India and U.S. Could Gain From Liberalizing Oilseed Trade

India has emerged as one of the world’s largest importers of vegetable oils. Imports have grown partly because of sharply reduced vegetable oil tariffs, coupled with rapid economic growth and an expanding middle class. But growth in oil imports is also the result of India’s restrictive trade policies on imports of oilseeds (soybeans, peanuts, rapeseed, and sunflower seed), the critical raw materials from which food processors extract vegetable oils and feed proteins. India’s oilseed production is insufficient to meet demand from domestic oil producers, who are forced to operate at low rates of capacity utilization (30-40 percent). Without a significant increase in the availability of oilseeds, either through greater domestic production or reduced import barriers, India will likely experience a growing deficit in vegetable oils and an eventual deficit in feed protein.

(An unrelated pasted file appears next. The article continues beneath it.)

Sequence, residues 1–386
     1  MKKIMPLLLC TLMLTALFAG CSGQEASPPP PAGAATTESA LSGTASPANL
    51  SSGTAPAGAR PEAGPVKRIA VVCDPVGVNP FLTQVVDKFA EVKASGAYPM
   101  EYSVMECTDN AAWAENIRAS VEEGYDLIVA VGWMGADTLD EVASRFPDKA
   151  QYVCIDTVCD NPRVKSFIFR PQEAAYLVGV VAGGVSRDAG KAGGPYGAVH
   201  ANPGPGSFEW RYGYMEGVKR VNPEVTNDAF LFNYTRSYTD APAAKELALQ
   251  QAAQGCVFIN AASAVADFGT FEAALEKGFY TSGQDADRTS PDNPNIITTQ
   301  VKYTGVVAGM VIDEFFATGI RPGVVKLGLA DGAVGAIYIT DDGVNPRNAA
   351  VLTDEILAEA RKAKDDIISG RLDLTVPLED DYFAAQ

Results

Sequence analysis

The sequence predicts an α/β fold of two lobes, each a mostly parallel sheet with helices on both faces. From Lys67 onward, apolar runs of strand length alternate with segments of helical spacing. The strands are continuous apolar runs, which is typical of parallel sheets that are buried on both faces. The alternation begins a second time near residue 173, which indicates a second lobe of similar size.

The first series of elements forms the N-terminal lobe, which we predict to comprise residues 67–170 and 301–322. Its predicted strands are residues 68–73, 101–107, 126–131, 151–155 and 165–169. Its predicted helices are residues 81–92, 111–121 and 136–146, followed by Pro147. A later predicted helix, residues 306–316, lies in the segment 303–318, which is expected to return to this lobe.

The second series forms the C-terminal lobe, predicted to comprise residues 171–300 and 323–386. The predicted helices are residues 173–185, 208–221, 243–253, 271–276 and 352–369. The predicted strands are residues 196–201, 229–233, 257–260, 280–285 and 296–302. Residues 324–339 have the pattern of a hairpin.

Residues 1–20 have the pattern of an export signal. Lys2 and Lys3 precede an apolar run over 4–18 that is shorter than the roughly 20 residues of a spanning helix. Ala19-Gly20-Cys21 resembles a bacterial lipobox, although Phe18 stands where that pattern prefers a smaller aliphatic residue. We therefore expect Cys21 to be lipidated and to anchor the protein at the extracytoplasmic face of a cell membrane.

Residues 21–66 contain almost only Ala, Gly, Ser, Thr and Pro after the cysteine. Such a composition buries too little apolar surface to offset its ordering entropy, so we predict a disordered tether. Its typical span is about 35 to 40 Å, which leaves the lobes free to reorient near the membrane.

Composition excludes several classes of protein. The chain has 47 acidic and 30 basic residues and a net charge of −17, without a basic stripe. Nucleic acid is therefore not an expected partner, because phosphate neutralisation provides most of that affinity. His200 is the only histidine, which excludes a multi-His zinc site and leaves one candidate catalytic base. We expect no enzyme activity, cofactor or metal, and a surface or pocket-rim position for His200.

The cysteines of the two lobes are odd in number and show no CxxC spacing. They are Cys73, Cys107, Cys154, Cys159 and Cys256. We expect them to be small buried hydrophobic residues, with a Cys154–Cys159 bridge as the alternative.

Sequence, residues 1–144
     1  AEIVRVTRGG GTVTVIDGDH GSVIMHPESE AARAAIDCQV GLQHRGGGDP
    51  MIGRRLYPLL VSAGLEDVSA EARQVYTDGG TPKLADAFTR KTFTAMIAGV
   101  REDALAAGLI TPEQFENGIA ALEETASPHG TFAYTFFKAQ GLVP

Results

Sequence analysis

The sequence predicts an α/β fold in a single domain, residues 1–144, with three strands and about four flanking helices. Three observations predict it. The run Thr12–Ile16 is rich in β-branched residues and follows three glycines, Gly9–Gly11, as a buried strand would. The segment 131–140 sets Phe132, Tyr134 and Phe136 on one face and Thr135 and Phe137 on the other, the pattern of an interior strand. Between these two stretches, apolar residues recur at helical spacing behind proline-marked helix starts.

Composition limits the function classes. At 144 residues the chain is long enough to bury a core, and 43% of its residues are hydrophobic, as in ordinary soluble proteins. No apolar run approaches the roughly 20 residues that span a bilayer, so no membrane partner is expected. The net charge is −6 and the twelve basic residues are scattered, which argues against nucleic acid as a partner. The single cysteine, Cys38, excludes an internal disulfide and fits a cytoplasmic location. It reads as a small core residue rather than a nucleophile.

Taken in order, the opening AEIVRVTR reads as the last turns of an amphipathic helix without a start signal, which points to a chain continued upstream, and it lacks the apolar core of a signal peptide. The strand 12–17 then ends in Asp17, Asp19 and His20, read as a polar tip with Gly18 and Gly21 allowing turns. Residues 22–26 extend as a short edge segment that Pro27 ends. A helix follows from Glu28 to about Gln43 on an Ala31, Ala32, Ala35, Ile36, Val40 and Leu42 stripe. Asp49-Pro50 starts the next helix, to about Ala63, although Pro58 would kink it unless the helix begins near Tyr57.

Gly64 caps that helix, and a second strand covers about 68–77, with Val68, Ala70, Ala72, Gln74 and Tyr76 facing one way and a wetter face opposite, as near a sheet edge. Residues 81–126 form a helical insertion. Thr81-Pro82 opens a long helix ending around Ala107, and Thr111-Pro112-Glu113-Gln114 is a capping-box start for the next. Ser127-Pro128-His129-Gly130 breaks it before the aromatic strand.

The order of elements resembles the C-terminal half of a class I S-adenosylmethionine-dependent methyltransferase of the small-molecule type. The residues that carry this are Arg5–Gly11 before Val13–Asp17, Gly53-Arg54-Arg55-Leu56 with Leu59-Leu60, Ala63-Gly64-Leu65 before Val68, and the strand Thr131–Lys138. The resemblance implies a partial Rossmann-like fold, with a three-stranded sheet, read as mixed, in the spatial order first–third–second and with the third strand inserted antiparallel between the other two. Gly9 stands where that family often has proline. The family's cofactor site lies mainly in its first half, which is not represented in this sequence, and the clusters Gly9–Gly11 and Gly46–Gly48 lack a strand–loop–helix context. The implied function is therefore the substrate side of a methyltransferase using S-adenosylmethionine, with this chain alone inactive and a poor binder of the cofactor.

Stakeholders in the Indian market stand to gain if India follows the example of other developing countries—most notably China—and reduces barriers to oilseed imports. Lower tariff and nontariff barriers on oilseeds would stimulate large-scale soybean imports, particularly if oil tariffs are not altered from their current levels. Processors in India could use imported oilseeds to more fully utilize capacity, resulting in lower processing costs and higher net revenues and employment. Moreover, lower processing costs would allow oil producers to better cope with competition from the influx of cheap palm oil imports.

The U.S. could also benefit if India liberalizes its oilseed trade, while keeping in place its tariffs on oils. U.S. exports of soybean oil to India have been limited because Latin American soybean oil and Asian palm oil are cheaper. The U.S. is a competitive soybean supplier, but its soybean exports have been blocked by India’s tariff and nontariff barriers. Although U.S. suppliers of soybeans and products would still face considerable competition from Latin American suppliers, U.S. trade prospects would likely improve if India liberalizes trade and substitutes soybean imports for oil imports.